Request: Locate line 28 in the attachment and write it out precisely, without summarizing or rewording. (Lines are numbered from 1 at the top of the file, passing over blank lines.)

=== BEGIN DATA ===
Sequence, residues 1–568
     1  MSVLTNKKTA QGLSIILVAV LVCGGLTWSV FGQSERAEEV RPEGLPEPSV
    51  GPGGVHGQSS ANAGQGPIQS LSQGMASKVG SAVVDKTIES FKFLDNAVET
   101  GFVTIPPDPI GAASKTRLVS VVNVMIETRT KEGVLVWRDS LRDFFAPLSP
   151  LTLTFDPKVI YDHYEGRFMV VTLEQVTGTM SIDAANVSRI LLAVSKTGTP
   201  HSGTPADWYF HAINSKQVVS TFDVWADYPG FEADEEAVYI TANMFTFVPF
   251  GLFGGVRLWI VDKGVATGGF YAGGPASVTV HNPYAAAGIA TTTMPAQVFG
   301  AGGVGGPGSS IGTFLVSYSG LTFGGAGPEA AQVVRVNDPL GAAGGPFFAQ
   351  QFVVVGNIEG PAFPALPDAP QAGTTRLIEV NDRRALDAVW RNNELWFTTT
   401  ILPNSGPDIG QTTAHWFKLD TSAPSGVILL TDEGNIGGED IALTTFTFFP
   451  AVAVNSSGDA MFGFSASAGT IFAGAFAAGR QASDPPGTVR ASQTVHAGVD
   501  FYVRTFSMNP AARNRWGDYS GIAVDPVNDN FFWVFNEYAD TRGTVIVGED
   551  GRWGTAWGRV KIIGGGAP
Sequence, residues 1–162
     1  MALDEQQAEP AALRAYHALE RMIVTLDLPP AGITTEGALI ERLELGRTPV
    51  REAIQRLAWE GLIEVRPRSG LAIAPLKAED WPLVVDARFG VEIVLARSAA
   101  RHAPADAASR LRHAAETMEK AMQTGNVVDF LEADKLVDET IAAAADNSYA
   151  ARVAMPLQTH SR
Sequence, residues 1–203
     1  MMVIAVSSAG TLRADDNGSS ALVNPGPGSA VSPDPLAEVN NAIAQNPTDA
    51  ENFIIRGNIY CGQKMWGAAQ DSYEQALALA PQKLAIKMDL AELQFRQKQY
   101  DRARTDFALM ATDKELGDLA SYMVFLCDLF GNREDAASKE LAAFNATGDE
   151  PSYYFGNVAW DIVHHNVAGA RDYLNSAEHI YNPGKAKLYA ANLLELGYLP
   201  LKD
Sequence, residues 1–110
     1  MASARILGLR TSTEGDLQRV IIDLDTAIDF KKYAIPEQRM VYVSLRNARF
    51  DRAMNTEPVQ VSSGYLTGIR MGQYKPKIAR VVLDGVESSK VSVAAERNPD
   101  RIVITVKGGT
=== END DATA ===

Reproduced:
   101  RIVITVKGGT